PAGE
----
How to Invest in Index Funds
Updated: Sep 5, 2021
An index fund is an investment that tracks a market index, typically made up of stocks or bonds. Index funds typically invest in all the components that are included in the index they track, and they have fund managers whose job it is to make sure that the index fund performs the same as the index does.
Your 3-step process to investing in index funds
Pick the index that you want to track.
Choose a fund that tracks your selected index.
Buy shares of that index fund.
1. Pick an index
There are hundreds of different indexes you can track using index funds. The most popular index is the S&P 500 Index, which includes 500 of the top companies in the U.S. stock market. Here's a short list of some additional top indexes, broken down by what part of the market they cover:
Large U.S. stocks: S&P 500, Dow Jones Industrial Average, Nasdaq Composite
Small U.S. stocks: Russell 2000, S&P SmallCap 600
International stocks: MSCI EAFE, MSCI Emerging Markets
Bonds: Bloomberg Barclays Global Aggregate Bond
In addition to these broad indexes, you can find sector indexes that are tied to specific industries, country indexes that target stocks in single nations, style indexes that emphasize fast-growing companies or value-priced stocks, and other indexes that limit their investments based on their own filtering systems.
2. Choose the right fund for your index
Once you've chosen an index, you can generally find at least one index fund that tracks it. For popular indexes like the S&P 500, you might have a dozen or more choices all tracking the same index.
If you have more than one index fund option for your chosen index, you'll want to ask some basic questions. First, which index fund most closely tracks the performance of the index? Second, which index fund has the lowest costs? Third, are there any limitations or restrictions on an index fund that prevent you from investing in it? And finally, does the fund provider have other index funds that you're also interested in using? The answers to those questions should make it easier to pick the right index fund for you.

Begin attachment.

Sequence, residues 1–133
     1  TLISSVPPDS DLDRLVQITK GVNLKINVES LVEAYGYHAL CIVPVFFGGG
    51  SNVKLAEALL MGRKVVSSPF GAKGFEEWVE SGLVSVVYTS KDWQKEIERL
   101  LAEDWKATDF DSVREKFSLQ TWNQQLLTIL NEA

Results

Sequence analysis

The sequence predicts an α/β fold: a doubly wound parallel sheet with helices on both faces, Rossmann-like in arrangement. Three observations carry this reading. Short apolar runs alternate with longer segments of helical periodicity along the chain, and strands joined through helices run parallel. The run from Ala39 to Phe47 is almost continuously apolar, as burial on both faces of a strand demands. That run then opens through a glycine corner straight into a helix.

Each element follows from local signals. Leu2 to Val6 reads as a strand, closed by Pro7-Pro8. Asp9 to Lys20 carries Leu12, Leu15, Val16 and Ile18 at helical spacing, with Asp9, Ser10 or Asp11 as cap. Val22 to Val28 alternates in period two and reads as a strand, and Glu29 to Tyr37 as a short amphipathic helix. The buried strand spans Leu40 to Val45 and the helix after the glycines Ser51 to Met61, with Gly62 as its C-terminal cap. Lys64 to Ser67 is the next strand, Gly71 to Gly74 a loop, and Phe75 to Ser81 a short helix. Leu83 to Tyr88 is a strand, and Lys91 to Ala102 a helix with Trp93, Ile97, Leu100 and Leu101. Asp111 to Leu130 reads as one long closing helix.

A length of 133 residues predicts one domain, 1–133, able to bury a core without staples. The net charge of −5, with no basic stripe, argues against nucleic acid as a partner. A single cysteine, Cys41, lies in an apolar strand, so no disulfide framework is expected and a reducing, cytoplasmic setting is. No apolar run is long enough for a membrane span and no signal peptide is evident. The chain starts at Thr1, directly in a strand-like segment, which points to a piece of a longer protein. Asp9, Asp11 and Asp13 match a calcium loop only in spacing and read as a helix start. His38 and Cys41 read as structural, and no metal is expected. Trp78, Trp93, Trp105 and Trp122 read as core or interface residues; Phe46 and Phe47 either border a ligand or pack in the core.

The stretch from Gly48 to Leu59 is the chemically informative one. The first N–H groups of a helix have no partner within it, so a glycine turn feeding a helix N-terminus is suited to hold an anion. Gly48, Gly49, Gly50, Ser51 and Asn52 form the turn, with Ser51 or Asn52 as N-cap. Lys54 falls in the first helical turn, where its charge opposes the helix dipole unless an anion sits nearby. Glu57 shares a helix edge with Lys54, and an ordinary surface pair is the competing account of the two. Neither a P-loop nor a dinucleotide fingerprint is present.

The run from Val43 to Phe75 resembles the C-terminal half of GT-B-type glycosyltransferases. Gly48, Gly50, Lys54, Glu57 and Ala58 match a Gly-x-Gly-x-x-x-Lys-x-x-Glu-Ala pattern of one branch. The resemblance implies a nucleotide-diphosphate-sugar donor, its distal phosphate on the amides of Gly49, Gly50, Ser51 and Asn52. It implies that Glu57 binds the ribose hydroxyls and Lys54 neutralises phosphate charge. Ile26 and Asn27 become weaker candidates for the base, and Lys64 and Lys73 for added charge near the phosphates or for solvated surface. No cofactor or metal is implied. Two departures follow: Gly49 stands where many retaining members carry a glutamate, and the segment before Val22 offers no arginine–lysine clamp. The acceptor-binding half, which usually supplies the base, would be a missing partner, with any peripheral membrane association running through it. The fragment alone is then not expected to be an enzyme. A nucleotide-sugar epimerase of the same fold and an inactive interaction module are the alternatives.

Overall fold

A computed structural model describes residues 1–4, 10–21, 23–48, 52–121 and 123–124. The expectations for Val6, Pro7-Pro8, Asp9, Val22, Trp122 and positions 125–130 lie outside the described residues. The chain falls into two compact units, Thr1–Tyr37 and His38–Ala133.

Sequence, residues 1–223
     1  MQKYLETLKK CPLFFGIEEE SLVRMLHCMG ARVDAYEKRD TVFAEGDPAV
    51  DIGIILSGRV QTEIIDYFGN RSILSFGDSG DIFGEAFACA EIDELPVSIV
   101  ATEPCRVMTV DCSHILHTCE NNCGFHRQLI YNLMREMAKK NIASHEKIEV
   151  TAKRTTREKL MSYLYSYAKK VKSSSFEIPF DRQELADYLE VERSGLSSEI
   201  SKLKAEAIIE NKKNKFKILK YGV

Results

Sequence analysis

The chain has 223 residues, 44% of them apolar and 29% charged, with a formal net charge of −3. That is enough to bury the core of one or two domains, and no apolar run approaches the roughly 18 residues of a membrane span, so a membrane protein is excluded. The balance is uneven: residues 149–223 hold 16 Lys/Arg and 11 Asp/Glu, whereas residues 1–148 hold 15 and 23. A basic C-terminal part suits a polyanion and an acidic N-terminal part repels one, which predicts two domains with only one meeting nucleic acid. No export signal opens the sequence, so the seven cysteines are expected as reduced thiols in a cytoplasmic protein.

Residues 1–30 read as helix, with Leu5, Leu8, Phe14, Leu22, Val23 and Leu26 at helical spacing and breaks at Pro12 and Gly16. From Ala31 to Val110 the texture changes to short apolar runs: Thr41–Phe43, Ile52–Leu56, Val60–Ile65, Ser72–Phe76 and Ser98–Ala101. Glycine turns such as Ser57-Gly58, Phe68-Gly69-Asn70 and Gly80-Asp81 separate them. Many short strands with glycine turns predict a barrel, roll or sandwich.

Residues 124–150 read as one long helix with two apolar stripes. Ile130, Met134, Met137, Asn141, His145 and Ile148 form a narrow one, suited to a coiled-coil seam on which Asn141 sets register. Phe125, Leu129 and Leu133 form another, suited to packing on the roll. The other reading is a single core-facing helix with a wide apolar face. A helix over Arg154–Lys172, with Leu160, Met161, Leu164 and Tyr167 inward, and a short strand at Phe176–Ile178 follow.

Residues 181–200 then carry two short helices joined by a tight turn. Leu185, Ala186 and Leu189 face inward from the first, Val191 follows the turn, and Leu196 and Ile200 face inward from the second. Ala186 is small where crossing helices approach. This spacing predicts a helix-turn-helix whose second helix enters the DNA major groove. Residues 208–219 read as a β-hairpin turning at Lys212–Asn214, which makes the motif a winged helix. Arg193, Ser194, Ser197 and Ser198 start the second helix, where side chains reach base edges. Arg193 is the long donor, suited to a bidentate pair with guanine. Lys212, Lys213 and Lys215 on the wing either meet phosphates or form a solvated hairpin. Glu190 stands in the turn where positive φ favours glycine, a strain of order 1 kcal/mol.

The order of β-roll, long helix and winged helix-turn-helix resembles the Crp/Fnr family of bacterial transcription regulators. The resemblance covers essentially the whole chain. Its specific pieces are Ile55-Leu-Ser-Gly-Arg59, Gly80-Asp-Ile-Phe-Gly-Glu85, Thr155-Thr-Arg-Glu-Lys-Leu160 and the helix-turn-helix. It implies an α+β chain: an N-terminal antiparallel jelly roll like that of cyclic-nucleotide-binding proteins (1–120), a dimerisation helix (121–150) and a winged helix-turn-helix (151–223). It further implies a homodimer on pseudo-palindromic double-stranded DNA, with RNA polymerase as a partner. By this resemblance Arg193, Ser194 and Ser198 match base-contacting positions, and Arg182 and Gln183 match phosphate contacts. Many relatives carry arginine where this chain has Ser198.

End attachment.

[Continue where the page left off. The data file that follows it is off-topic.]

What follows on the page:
3. Buy index fund shares
To buy shares in your chosen index fund, you can typically open an account directly with the mutual fund company that offers the fund. Alternatively, you can open a brokerage account with a broker that allows you to buy and sell shares of the index fund you're interested in.
Again, in deciding which way is best for you to buy shares of your index fund, it pays to look at costs and features. Some brokers charge extra for their customers to buy index fund shares, making it cheaper to go directly through the index fund company to open a fund account. Yet many investors prefer to have all their investments held in a single brokerage account. If you anticipate investing in several different index funds offered by different fund managers, then the brokerage option can be your best way to combine all your investments under a single account.
Why invest in index funds?
Investing in index funds is one of the easiest and most effective ways for investors to build wealth. By simply matching the impressive performance of the financial markets over time, index funds can turn your investment into a huge nest egg in the long run -- and best of all, you don't have to become a stock market expert to do it.
Investors find index funds especially useful for many reasons:
Minimize your time spent researching individual stocks. Instead, you can rely on the fund's portfolio manager to invest in an index that already includes stocks you want to invest in.
You can invest with less risk. Most indexes include dozens or even hundreds of stocks and other investments, and the diversification leaves you less likely to suffer big losses if something bad happens to one or two companies in the index.
Index funds are available for a wide variety of investments. You can buy stock index funds and bond index funds, which cover the two big parts of most people's investment strategies. But you can also buy more focused index funds that drill down into certain parts of the financial markets.
It's a lot less expensive. Index funds are usually far less costly than alternatives like actively managed funds. That's because an index fund manager just has to buy the stocks or other investments in an index -- you don't have to pay them to try to come up with stock picks of their own.